As a child I was never a picky eater and my mom never had any issues with my food. But I did have some absolute favorites (like eggplant, okra fry, potato fry, majjiga pulusu to name a few) and I also had some that I didn’t like as much. I would say to myself: “Amma, why can’t you make dosakaya pappu (cucumber dal)?? Why do you have to make this curry?” I never liked dosakaya kura, don’t know the reason.
But I loved all leafy greens no matter how they were cooked. But after coming to the US, I never found some of the greens we find in India like chukkakura, I don’t even know the English name for it. At least Indian stores in NJ are always stocked with fresh methi, bachali kura (red pohi??), thota kura (amaranth) and gongura. But since we don’t visit Indian store as frequently as a Korean/ Chinese or our local farmers markets, I started to buy any green that looked remotely close to the ones I remember from India (to be honest while in India I didn’t know the difference between spinach and methi!!!). I have been successful with some and totally disappointed with others (had to dump the whole dish in the garbage.. gross.. yucky and to top it all off-- my husband H still taunts me about that whenever I make anything green, so it was pretty bad).
My latest success is cooking with kohlrabi greens, they are mellow and don’t have any distinguishable taste, almost like chard. So I made this dish that I learnt from my SIL in Sweden (which she made with spinach). Very simple to make and tasted good too.

Kohlrabi greens – 6 cups, chopped
Onion – 1 small, chopped
Green chilies – 3, slit
Garlic – 2 cloves, minced
Chana dal – ½ cup, soaked for ½ hour

For Popu (tadka):
Mustard seeds – ½ tsp
Cumin seeds – ½ tsp
Red Chilies – 2
Salt – to taste

  • Wash the greens thoroughly and finely chop them.
  • In a pressure cooker, heat 2tsp oil; add tadka ingredients and once the seeds start to splutter, add garlic and sauté until fragrant and lightly browned, make sure that garlic is not burnt.
  • Add green chilies and onions and sauté until onions turn translucent, about 6-8 minutes.
  • Add the chopped greens, soaked chana dal, salt and 2-3 tbsp water; lock the lid and cook for 2-3 whistles. Once the pressure is down, open the lid and cook further if there is too much water or serve right away with steamed white rice.

This is my entry to Cooking for Kids: Leafy Greens event. Send in your entries before June 30th.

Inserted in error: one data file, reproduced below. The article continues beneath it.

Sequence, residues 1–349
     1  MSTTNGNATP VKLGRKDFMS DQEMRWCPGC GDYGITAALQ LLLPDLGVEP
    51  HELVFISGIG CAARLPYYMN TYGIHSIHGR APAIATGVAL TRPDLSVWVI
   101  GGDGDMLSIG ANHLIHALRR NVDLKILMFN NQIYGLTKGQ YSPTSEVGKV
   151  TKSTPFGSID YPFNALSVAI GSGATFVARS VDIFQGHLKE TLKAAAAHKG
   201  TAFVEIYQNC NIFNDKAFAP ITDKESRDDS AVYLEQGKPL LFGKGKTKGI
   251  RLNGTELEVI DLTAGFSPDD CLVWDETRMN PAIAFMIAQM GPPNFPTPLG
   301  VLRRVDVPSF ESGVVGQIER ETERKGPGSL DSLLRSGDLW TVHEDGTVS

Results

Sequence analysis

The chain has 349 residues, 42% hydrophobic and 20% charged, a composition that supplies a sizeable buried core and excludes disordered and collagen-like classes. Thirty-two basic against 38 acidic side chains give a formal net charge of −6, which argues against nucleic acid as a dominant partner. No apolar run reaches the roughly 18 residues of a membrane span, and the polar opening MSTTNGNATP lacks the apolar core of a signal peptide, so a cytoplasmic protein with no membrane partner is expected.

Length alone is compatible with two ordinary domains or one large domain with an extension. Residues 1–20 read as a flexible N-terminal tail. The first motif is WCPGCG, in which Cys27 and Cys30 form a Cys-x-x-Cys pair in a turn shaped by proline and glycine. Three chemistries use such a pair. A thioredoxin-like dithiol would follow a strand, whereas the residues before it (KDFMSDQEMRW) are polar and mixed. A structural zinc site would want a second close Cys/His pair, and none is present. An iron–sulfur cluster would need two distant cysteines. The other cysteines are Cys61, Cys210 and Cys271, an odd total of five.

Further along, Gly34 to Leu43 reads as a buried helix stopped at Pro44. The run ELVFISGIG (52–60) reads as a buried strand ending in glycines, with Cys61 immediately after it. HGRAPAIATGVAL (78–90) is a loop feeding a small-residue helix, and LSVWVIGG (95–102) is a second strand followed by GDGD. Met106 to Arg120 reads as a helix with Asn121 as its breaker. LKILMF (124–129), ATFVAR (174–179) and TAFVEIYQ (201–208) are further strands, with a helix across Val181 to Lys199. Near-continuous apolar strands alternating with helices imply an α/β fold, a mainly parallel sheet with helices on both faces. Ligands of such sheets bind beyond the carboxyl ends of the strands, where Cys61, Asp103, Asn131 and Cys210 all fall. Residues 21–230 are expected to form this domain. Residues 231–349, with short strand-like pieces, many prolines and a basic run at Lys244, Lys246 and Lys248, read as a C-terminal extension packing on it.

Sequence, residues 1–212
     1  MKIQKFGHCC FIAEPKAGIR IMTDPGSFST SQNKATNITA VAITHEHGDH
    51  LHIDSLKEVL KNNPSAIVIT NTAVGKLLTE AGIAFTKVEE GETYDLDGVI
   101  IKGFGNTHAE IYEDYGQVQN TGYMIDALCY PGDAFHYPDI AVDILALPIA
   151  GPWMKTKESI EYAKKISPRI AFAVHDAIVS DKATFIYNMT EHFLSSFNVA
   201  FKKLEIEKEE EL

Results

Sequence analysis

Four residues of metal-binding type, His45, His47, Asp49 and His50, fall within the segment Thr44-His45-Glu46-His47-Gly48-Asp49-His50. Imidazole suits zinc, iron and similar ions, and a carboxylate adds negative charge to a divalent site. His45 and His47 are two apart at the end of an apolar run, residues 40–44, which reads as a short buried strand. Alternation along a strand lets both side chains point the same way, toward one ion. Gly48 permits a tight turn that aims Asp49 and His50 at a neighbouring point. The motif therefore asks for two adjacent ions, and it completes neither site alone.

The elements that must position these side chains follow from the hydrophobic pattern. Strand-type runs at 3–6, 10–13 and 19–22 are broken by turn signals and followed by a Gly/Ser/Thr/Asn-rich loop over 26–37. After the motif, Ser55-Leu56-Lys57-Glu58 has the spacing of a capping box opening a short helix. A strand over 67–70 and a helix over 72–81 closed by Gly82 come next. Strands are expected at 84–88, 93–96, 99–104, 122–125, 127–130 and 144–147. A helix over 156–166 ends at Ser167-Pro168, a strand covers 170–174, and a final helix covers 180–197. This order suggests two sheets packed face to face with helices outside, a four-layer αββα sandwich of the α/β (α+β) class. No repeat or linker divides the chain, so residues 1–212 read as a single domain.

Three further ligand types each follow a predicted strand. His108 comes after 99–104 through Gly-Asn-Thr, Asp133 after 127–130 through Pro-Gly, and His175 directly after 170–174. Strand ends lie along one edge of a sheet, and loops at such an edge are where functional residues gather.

June 16, 2009

Cornmeal Crusted Tofu

Some weeknights I’m all geared up to cook lot of dishes and some days I’m so down that warming up leftovers also seem to be stressful. So I made this meal on one of those days when I was in the mood to cook. Menu included Cornmeal crusted tofu with broccoli polenta, sautéed garlicky bok choy and my quick pan gravy.

Recipe adapted from Veganomicon.
Extra firm Tofu – 1 lb., drained and pressed
Soymilk – ½ cup
Corn Starch – 2tsp

For the cornmeal crust:
Cornmeal – ¾ cup
Garlic – 2 cloves, minced
Ground cumin – 1tsp
Chili powder – 1tbsp
Cayenne pepper – ½ tsp
Salt – 1½ tsp (or to taste)
Lemon zest – 1tbsp

  • Cut tofu into 8 pieces widthwise; then cut each piece diagonally to make 2 long triangles.
  • Pour milk in a shallow bowl; add corn starch and whisk with a fork to combine. In another shallow bowl, add all the ingredients for the cornmeal crust and mix well.
  • Pour oil to about ¼“ in a skillet and heat until very hot, but not smoking.
  • With your left hand dunk tofu in milk, roll it around and drop it into the cornmeal mixture. Now with your right hand, roll it around and make sure all sides are uniformly coated. Slowly place in the hot oil. Repeat with rest of the tofu pieces.
  • Cook them in two batches to make sure that the skillet is not over crowded. Cook for 3 minutes on one side, flip with tongs and cook for another 2 minutes. Your nose would know when the time’s up. Drain on paper towels and serve warm over broccoli polenta.

For the pan gravy, I added a cup of tomato-basil pasta sauce (I used my fav. Bertolli brand) along with ½ cup of low-fat milk. Brought it to a low simmer, seasoned with salt & pepper and finally sprinkled in some nutritional yeast.

June 11, 2009

Kanda-Bachali Kura (Suran & Malabar-Spinach Curry)